03 October 2011

The Reno Project

The Grand Opening of the Tallest Climbing Wall in the World

I've been a lot of places. I've seen a lot of things. I've been to Beijing and saw the dogs hanging on butchers' hooks in the market, I went bunjee jumping in Bulgaria, I was at the gay pride festival in Barcelona. In some strange way I can't think of anything that really compares to the experience I had in Reno, Nevada.
I visited Reno once before. I was a Freshman at Minnesota State University and we came for a track meet.
When Five Ten called about this event and I agreed to return I tried to muster up some positive memories of the town, and I couldn't. What I remembered from four years ago was a dirty city filled with homeless people and drunk hicks.
This time I was accompanied by Emily Harrington, Dave Graham, Boone Speed, Jon Cardwell and Josh Levin.
The city itself again failed to impress us, but the event for which we were in attendance did not; actually it exceeded all our expectations.
While the official location title is CommRow, I feel inclined to dub it "The Reno Project." I believe the ultimate dream of the owner is not only the revitalization of an old casino, but a community, maybe the entire city.

The motto of this town full of smoky casinos and semi-dazzling lights is "biggest little town in the world." I don't know if its slogan is true to form, but what I do know is that Reno now boasts the tallest climbing wall in the world. Maybe they should change the sign.


CommRow is smack-dab in the center of the city, located right on Reno's little "Vegas Strip." The building, an old abandoned casino/hotel, is surrounded by working casinos on all sides. In a city so casino-oriented, it's a refreshing atmosphere inside CommRow, where smoking and gambling are not allowed.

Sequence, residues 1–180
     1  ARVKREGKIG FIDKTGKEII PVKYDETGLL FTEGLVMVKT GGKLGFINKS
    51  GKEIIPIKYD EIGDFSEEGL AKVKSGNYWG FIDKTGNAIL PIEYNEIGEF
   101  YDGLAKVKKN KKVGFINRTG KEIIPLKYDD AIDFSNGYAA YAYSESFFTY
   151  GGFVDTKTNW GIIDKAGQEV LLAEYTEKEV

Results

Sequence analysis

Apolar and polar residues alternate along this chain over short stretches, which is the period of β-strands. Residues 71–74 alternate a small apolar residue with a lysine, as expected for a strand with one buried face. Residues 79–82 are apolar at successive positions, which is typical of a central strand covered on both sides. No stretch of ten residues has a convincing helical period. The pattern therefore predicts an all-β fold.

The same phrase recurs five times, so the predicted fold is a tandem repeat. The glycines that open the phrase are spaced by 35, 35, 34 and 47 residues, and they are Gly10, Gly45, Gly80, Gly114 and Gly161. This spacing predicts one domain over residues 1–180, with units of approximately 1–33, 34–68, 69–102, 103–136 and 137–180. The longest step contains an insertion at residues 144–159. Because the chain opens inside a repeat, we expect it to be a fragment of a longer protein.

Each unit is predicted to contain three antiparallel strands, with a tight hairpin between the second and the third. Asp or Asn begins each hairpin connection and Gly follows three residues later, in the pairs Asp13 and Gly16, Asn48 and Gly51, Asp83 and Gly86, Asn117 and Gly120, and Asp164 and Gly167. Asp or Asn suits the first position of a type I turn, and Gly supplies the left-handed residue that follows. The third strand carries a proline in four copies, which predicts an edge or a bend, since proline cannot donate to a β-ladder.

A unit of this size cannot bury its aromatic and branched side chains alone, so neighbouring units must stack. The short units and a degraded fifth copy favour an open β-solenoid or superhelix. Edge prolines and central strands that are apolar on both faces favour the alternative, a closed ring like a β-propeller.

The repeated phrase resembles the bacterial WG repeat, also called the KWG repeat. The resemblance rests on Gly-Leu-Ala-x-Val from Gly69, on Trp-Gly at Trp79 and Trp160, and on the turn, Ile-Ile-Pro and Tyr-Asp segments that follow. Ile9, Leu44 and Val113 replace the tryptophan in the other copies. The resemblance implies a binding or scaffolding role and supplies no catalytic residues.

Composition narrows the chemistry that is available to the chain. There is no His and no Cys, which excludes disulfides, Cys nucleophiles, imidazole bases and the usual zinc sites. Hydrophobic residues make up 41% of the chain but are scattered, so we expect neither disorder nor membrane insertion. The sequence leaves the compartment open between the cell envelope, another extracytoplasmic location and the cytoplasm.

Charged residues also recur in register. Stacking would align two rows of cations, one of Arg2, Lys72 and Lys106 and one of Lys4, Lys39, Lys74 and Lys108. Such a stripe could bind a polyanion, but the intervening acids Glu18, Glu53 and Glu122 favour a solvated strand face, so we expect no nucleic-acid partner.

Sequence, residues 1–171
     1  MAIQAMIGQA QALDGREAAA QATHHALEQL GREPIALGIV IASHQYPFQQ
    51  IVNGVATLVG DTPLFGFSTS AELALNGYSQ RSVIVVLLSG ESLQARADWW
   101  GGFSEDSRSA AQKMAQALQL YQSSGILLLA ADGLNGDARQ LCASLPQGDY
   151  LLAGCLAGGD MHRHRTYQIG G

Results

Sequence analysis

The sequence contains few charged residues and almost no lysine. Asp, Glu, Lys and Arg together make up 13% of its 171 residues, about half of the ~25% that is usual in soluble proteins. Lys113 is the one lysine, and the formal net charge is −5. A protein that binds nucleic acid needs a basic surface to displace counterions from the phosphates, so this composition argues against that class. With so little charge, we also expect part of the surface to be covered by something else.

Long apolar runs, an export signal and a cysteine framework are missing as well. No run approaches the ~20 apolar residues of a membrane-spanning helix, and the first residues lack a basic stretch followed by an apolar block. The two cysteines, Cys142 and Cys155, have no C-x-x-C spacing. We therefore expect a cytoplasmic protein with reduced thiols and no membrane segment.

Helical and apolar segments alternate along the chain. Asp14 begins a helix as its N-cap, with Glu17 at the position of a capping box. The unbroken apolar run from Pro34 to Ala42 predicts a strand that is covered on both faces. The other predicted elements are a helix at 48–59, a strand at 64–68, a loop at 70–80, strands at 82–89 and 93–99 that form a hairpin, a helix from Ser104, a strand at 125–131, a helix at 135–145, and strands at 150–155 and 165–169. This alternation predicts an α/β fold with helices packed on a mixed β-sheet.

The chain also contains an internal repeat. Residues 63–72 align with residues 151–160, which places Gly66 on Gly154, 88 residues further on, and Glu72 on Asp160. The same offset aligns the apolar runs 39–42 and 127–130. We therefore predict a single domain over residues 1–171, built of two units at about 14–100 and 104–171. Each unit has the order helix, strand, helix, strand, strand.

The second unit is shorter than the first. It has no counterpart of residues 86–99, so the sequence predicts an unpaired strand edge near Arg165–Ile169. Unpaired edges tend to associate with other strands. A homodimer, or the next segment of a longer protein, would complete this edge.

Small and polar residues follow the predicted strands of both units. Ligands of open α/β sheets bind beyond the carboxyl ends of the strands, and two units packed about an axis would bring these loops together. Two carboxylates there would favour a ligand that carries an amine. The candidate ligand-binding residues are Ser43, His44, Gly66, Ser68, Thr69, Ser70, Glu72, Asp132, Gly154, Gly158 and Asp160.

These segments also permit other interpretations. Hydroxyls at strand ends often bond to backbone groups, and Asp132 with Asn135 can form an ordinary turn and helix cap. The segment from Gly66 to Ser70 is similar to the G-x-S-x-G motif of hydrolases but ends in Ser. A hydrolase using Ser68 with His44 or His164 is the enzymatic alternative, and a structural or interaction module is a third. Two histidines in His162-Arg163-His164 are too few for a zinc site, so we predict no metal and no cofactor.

The wall is outside, built onto the side of the hotel. It's massive; it can be seen from almost anywhere in the city. We all saw it from the airplane when we flew in. The first pitch starts on the second floor balcony. It's seventy feet long. In addition to beginning thirty feet of the deck, which in this case is Main Street, you already hit 100 feet in height when you pull over the ledge to begin the second pitch, which is an additional 94 feet, totaling 194 feet in height.

Photo by Rod Grossman

Because the wall is out on the side of a building, there's no padded floor beneath you. It's also quite unlike rock climbing, where you can see trees, bushes or at least dirt. When you look down between your feet you see pavement. It was honestly quite a scary experience, and felt extremely exposed.


In addition to the huge wall, the second floor is also home to a bouldering gym with custom free-standing boulders made by The John Stack. Right next to the bouldering area is the martini bar "V15," the logo for which is illuminated with fluorescent lights. Also a smoothie bar.




Photo by Rod Grossman

The first floor is another story. (Pun intended!) Consisting of a giant rectangular room with a tequila bar, whiskey bar, champagne bar, DJ table, dance floor, and coffeeshop/bookstore around the perimeter, and taco-stand-style mini restaurants in the middle, the first floor will most likely be the poular place for the non-climbers.